There are two conflicting ideas that I’ve been thinking about lately.
I’m re-reading My Life in Advertising. In this classic copywriting book, Claude Hopkins says “the road to success lies in ordinary people.”
If you want to be a successful marketer and entrepreneur, you have to know and understand everyday people, and be one of them.
This makes sense. The best known and best-loved leaders usually have a lot of charisma, coupled with a strong work ethic. But underneath these qualities, they’re still “one of the guys/girls.” You could relate to them. They’re the type of person you could hang out with and drink a beer.
Claude Hopkins gives several examples of people who didn’t necessarily have a lot of education, but who went into marketing and totally crushed it. Their success happened because they understood everyday people. They knew what people wanted, and they could express it in a way most people understood.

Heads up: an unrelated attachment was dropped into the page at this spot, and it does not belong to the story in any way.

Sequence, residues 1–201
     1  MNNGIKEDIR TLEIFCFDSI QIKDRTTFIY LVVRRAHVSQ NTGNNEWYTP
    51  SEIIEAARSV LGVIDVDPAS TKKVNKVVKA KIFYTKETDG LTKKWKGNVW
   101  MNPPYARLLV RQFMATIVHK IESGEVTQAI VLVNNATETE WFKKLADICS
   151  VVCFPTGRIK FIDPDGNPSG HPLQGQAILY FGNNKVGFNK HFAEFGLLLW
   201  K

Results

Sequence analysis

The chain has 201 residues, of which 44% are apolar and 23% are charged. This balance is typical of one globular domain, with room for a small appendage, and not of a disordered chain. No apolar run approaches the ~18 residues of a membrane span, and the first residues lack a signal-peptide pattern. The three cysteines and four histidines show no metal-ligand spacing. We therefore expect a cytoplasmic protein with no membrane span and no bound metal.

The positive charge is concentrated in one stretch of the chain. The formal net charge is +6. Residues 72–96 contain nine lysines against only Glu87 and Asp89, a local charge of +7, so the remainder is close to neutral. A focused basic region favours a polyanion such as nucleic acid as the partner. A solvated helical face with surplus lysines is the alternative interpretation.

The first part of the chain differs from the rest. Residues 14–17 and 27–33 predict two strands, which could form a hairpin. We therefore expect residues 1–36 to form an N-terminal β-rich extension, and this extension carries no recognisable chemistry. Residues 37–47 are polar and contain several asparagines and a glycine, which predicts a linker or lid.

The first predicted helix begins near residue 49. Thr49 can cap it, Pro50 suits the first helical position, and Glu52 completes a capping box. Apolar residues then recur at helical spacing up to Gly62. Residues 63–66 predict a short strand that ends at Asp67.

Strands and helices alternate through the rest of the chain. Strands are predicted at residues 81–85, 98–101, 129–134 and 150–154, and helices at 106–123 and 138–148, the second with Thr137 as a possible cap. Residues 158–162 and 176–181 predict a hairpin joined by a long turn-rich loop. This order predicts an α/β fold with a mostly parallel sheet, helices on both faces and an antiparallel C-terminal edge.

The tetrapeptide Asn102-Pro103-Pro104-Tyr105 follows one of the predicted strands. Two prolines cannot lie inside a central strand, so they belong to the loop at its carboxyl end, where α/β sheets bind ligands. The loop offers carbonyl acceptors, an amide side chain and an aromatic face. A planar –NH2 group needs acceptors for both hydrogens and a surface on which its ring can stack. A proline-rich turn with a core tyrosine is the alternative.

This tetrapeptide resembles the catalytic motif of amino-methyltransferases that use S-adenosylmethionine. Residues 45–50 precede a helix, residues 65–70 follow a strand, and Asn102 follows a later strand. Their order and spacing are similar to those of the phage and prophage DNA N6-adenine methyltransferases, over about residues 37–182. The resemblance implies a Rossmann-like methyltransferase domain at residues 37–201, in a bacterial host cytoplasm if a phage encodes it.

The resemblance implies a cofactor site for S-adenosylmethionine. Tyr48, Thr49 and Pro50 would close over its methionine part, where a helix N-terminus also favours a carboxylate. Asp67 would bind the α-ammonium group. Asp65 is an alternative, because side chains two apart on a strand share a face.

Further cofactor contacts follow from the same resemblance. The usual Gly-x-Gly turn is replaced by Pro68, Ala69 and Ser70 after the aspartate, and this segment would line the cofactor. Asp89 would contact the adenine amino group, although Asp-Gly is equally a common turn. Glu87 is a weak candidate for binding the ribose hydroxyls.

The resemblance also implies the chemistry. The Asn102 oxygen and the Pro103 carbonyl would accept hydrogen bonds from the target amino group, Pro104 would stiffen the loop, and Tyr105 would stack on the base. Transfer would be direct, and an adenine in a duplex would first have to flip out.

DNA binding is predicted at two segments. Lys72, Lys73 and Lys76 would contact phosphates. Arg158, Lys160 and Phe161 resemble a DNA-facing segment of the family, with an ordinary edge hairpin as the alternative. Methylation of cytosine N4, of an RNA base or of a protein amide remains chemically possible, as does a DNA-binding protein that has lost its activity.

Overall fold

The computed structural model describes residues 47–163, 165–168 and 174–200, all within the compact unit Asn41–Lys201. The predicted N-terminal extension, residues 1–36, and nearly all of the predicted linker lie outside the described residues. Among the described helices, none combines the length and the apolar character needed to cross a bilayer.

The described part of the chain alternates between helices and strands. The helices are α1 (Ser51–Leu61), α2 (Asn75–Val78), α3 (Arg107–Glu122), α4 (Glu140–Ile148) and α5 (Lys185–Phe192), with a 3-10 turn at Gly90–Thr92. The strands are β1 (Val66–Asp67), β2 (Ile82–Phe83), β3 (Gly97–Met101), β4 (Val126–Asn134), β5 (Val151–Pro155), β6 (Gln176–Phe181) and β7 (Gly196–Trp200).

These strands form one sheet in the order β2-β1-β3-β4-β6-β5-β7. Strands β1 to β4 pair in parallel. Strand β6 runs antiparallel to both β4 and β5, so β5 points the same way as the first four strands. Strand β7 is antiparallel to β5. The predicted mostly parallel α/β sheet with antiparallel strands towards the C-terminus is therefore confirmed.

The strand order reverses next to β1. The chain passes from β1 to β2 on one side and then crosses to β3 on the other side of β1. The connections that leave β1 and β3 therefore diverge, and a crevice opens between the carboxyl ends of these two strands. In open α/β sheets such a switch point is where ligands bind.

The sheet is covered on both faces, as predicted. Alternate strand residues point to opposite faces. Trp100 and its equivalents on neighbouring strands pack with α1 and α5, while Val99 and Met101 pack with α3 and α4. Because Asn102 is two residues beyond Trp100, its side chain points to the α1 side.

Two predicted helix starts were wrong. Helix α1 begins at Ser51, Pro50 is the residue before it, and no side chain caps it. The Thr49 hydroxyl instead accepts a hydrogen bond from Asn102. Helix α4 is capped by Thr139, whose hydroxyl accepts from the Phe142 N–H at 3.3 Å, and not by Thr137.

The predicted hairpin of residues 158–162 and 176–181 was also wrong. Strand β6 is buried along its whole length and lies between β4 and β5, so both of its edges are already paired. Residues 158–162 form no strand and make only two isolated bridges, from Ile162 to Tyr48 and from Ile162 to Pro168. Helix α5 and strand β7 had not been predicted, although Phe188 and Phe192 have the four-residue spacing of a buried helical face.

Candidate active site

So, where does this leave the nerds and nonconformists of the world?
According to Hopkins, their place is in literature and academia. Maybe you could make it as an artist or a professor, but not as a business person.
This worried me for a long time. Social ineptitude has always been my best game.
But Peter Thiel, the founder of Paypal, has a different point of view: “If you’re less sensitive to social cues, you’re less likely to do the same things as everyone else around you.”
In his book, Zero to One, he points out that game-changing progress only happens when a nonconformist has the ball. In fact, that’s arguably one of the reasons he wrote the book.
He says there’s a big advantage to “An Asperger’s-like social ineptitude.”
I got a lot of hope out of this.
But who is right? Is it better to be the Everyman or the oddball?
More to the point, which one are you?